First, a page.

Visiting Florida's state parks and beyond in our Roadtrek. This is how we saw it all. Hopefully, the posts will give you some useful information. Questions and comments are welcome.

Saturday, February 13, 2016

A Week at Florida's Santos Campground


A nice small campground just south of Ocala.  If you are a hiker or especially a mountain biker this is a place for you.  But, this is also a nice park to just sit and relax if that's what you do.  The camp loop is paved for easy walking and biking exercise or adjacent is a Bronze Level mountain bike trail park.


There are only 24 sites available for RVs and tents.  All are pretty level, gravel sites with partial shade on the west side of the loop and no shade on the east side.  All have 50/30/20 electric and water.  There is good space between the sites and a few with a lot of space.  


There are pavilions, picnic tables and clean restroom/showers. 


East of the rv sites is an open field for scout or group camping with plenty of space and a few picnic tables.

And, in addition, there is an equestrian area with a small stable, water trough, hitches, trailer parking and the trailhead for a long horse trail.

Adjacent to the campground is the Santos Trailhead.  There is a separate entrance to this area as there is no entrance fee.  State run, but very well maintained by volunteers of the Ocala Mountain Bike Assoc.  It is a free park built for mountain bike trail riding.  At the parking lot are restroom/showers, picnic tables pavilions, water and even a rack provided with spanners, wrenches and a tire pump. Biking events are held here throughout the year.


There is one hiking trail.  It is not a loop and is about 4.7 miles in length. Plan on returning as far as you go down the trail.  The trail connects to the Land Bridge Trail that crosses over I-75.

Hiking along the trail is easy. There are a few slight elevation changes, and roots and rocks to navigate.  I imagine in the other seasons this hike is very pretty.  Right now it is kind of drab, but still enjoying sceneryThe week was cold, sunny and dry with slight breezes, so it is a great hike.


 A couple of trees had fallen on the trail. Sections are cut and moved for convenience.  Nothing is removed from the woods.

Some things seen along the way:

Still red.  A fallen Sweetgum leaf.

Still green.  Fallen pine needle cluster with cones.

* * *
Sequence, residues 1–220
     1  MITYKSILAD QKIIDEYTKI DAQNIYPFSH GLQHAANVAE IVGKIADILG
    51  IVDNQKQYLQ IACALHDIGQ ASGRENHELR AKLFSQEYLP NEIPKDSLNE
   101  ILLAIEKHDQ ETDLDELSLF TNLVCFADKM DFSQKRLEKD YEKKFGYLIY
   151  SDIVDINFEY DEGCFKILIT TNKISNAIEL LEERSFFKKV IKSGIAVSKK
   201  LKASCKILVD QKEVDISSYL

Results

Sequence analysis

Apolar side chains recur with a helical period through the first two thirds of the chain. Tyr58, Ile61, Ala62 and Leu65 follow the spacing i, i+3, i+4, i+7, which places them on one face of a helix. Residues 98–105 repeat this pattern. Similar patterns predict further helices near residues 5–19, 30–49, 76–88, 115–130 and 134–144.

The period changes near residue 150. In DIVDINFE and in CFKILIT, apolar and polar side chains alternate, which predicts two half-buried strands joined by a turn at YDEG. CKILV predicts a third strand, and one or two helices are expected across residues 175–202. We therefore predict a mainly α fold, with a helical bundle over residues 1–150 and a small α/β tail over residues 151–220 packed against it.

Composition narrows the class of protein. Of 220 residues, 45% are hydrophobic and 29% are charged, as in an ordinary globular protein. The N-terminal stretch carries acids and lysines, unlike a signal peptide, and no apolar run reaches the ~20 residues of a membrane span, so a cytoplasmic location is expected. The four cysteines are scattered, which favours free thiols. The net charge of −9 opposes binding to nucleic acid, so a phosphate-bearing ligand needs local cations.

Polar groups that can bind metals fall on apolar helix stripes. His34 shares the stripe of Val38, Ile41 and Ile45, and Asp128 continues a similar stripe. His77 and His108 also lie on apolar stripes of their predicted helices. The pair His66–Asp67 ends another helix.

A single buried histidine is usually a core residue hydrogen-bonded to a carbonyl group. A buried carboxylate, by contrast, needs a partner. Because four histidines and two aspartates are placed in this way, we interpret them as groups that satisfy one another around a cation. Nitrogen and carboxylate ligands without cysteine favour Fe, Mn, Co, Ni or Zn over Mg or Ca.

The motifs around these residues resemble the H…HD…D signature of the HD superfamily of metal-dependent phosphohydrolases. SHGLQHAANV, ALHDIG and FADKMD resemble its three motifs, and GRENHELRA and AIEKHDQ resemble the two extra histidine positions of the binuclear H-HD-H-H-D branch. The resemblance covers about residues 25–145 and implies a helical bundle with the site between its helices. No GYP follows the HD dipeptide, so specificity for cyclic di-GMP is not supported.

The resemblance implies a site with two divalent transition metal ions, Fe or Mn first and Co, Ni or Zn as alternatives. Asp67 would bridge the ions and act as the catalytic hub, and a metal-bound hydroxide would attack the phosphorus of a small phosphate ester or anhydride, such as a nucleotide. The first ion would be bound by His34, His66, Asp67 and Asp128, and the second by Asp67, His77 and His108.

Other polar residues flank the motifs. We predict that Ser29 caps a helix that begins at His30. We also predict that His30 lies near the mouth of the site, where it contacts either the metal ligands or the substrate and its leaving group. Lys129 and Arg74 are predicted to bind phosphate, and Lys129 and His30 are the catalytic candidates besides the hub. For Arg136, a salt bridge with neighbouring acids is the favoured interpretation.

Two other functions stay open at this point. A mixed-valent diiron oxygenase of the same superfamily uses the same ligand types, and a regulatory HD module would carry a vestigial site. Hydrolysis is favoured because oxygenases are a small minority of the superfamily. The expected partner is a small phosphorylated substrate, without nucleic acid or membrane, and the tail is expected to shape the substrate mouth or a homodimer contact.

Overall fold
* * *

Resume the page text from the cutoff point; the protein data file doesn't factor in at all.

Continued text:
A Sweetgum seed pod hiding in a rotted branch cut.

An old sign posted for a Federal project. See the top of the sign?  Don't know what the project might have been, but in the area of the tree is remains of a barbed wire fence and stone wall. 

And, then there are the bike trails. Fat tire only. Three levels of skill.  Yellow is the easiest (notice I didn't say easy, but easiest), Blue is more difficult, and Red is most difficult.

Before you enter the Yellow Trail from the parking lot there are two areas to practice your skills or warm up.  Even the Skye Park has levels of skill.  See where you fit before going out on the trails.

And the Pump Track.  The object here is to complete the course without pedaling.  All body English and momentum.

A series of dirt jumps and high speed, banked turns.

On the Yellow Trail - Pine Tree

Pretty easy going.  Almost like the hiking trail.  Easy flowing trail with slight elevations, curves, roots, rocks to deal with in some areas.

One of the Blue Trails - Cow Bone


A tighter course with narrow paths, rocks, roots and elevation changes. 

Tight and sweeping curves in close quarters and open spaces. 

The Red Trail - Sinkhole.

Ol' Murray ready to tackle the Sinkhole, a Red trail carved out of an old limestone quarry.  Wore inexperienced me out. 

Lot of uphill/downhill, sharp curves on loose and stable rock and roots to add to the challenge.   Maybe I should stick to the Yellow and Blue Trail.  They flow better.

The photos don't really show the steepness.  It's about a 15' rise with loose rocks and midway big boulders, then a sharp turn to the right.  Must keep momentum going.

More rocks at the top.

Narrow passage.  The handlebars barely made it through the trees.

Entrance to The Vortex.

Typical elevation changes along the trails.  This is about 12-15' high.  Trails are mostly narrow with many turns.  Dirt jumps. Exciting.

 Not only are there natural obstacles, but there are a lot of awesome manmade obstacles at the Vortex.  Bridges, narrow rails, etc.

Found someone's video on YouTube that's pretty representative of the trails and manmade obstacles in the Vortex.  Over my head on some of the trails.  But, fun to watch.

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